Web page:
Something Gratin in California — Broccoli Romanesco
|Broccoli Romanesco — Part of the cauliflower family|
Tender, beautiful, other-worldly, what a great feast for the eyes. Do you dare pick up something at the Farmer’s Market or speciality grocery just to challenge yourself? Where is your sense of adventure? Talk to the produce folk, or the farmer at the other end of the table and ask questions. Why limit yourself? Food is to be an adventure, explored as readily as we taste fine or not-so-fine wines to find something new to add to our repertoire. For heaven’s sake, it could be something we just might like! Who could resist these exotic beauties, nearly pine cone shaped, creamy colors and spiral that just wraps us around it’s little florets. Don’t be afraid, just a cousin of our creamy well loved cauliflower. Indulge, roast, saute, or smother with cheesy goodnesss.
|Asiago Cheese, Toasted Almonds with Broccoli Romanesco
Broccoli Romanesco Gratin
Prep Time 20 minutes
Cook Time 30 minutes
3-4 cups Broccoli Romanesco (1 head), sliced or cut into chunks
2 tablespoons butter
½ medium yellow onion, chopped (about 1 cup)
2 tablespoons all purpose flour
2 cups 2% Milk (or whole Milk)
½ teaspoon salt
1 teaspoon ground mustard
⅛ teaspoon white pepper
⅓ cup grated Parmesan cheese
1 cup Asiago cheese (I used Metropolitan Market Rosemary Asiago)
⅛ cup Parmesan cheese
1 cup chopped blanched almonds
½ teaspoon white truffle oil
Preheat oven to 350 degrees, butter interior of 4 quart baking dish.
Melt butter in medium sauce pan, add chopped onion and cook over medium heat until translucent (about five minutes), sprinkle in flour and stir to blend and cook roux until golden (another 5-8 minutes). Slowly pour in milk, continue stirring until roux and milk are thoroughly mixed together. Cook over low heat until thickened, add salt, white pepper, mustard, Parmesan and Asiago cheeses. Stir until cheese has melted, remove from heat. Taste and adjust salt and pepper to your liking. Put chopped broccoli romanesco in baking dish, pour cheese sauce over, stir to coat evenly.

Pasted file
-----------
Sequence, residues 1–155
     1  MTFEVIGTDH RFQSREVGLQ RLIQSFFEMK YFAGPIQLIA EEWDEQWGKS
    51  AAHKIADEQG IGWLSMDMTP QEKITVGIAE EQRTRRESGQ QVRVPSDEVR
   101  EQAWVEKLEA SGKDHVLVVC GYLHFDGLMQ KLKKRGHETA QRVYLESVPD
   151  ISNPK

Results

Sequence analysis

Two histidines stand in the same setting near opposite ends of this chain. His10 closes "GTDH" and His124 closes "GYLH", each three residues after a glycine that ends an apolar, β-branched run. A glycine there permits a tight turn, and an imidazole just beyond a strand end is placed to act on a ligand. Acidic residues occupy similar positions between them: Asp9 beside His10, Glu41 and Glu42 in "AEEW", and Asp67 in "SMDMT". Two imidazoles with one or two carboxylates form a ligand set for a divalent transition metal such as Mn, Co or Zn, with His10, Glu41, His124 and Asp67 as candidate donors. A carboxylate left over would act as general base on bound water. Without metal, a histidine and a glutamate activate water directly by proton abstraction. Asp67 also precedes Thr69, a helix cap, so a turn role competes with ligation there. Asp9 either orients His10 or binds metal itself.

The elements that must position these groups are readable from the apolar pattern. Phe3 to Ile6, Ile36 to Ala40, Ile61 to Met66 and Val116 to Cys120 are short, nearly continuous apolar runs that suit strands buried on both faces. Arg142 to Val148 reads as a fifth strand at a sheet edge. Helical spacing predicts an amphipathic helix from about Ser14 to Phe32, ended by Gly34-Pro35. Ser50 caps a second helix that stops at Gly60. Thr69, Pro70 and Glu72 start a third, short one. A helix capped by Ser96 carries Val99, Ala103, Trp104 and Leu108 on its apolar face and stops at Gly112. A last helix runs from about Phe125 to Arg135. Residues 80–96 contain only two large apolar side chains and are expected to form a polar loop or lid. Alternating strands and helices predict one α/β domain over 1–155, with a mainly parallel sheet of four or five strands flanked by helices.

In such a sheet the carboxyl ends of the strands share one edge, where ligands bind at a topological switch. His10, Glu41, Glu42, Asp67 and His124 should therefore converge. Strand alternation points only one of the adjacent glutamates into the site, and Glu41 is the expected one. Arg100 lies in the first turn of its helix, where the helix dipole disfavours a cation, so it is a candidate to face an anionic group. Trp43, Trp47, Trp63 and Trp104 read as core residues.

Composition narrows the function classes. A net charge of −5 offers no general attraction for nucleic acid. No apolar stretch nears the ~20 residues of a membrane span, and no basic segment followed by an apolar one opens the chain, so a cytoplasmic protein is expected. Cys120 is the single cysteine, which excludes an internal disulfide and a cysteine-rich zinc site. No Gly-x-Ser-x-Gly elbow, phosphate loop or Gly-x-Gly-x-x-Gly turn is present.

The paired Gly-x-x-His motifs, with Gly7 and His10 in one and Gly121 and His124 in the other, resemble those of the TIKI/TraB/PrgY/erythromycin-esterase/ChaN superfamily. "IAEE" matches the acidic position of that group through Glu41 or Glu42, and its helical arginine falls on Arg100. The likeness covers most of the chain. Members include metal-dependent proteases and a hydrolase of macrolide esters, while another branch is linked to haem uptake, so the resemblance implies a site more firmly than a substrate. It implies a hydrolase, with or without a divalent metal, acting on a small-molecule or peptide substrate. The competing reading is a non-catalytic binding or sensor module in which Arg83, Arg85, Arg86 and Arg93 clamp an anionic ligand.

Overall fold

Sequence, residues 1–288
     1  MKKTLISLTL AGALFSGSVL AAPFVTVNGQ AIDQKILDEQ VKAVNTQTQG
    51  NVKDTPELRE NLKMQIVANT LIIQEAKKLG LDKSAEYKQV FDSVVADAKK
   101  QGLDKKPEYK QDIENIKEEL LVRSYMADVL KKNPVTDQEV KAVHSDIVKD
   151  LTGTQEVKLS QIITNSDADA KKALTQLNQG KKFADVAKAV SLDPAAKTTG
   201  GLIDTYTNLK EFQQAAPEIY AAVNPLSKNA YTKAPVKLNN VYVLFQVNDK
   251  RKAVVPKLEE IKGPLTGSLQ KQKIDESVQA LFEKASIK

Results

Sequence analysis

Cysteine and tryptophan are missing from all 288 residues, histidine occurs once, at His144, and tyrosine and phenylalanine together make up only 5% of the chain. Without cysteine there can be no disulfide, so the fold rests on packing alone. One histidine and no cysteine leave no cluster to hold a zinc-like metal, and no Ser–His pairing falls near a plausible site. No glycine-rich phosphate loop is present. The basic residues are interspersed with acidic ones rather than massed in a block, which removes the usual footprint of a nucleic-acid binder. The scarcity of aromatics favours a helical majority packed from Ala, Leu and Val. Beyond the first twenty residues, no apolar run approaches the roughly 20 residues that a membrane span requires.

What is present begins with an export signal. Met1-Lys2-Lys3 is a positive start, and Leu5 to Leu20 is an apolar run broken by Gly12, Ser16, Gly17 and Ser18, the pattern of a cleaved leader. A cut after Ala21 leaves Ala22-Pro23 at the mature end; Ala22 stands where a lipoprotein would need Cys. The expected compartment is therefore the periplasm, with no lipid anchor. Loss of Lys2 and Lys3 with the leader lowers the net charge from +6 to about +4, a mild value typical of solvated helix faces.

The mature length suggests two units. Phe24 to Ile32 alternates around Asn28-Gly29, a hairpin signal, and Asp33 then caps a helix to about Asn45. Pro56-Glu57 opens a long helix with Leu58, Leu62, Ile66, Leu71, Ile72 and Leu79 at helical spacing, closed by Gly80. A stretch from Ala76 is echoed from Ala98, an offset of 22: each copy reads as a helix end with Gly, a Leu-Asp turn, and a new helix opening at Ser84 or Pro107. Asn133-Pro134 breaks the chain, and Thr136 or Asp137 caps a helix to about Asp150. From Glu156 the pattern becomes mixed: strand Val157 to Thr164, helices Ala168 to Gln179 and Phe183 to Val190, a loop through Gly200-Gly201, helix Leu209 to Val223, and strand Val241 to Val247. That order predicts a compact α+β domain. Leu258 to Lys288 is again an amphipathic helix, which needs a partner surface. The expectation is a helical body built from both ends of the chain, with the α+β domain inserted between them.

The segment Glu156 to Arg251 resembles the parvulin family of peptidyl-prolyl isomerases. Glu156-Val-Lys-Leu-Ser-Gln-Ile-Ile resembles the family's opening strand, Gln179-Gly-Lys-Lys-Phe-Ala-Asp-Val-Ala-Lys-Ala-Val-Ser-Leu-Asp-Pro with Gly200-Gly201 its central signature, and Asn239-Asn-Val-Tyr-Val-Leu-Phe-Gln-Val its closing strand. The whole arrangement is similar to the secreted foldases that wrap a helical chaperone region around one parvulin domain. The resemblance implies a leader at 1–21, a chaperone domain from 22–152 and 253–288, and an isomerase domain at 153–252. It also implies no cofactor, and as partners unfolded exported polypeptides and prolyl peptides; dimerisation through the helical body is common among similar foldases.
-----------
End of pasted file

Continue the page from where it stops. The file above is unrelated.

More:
Drizzle with white truffle oil and sprinkle top with remaining Parmesan cheese and chopped almonds. Bake for 30 minutes until bubbly and top is toasty browned. Remove from oven and cool for about 5-10 minutes before serving.
You can mix up your cheeses for this gratin, maybe a creamy fontina, or cheddar to change it up. If you can’t find rosemary asiago cheese, you can add ¼ teaspoon chopped rosemary to add that flavor layer.
Featured in the Fresno Bee 2/14/2012
Broccoli romanesco: Weird appearance, unique taste by Robert Rodriguez
Magical, fractal romanesco looks so gorgeous in both au natural form and cooked into a scrumptious dish. As always, visiting here is inspiring and reviving…your photos more amazing all the time, Robin!
You just brighten up my day with your comments and continued support Jenn! I thank you sincerely.
(you left out the milk in your list of ingredients….) I have seen these beauties on the market and, although always fascinated, have never had the courage to buy one! But if I did I would no doubt make a gratin! I love the drizzle of truffle oil you added and I must try something like this. I think gratin is not only a great way to enjoy any vegetable (I mean, cheese sauce, am I right?) but it is also such an ideal winter comfort food!
Good eye Jamie! Thanks for the catch. You’re right, it is all about the cheese sauce. Rich and creamy makes any vegetable taste good 😉
Congrats on your write-up and recipe in the Fresno (CA, USA) Bee on Valentine’s Day – February 14, 2012 (I believe it was in the print version on 2/15/12).
Thank you! It was a nice article written by Bob Rodriguez, the Agriculture Reporter. Broccoli romanesco: Weird appearance, unique taste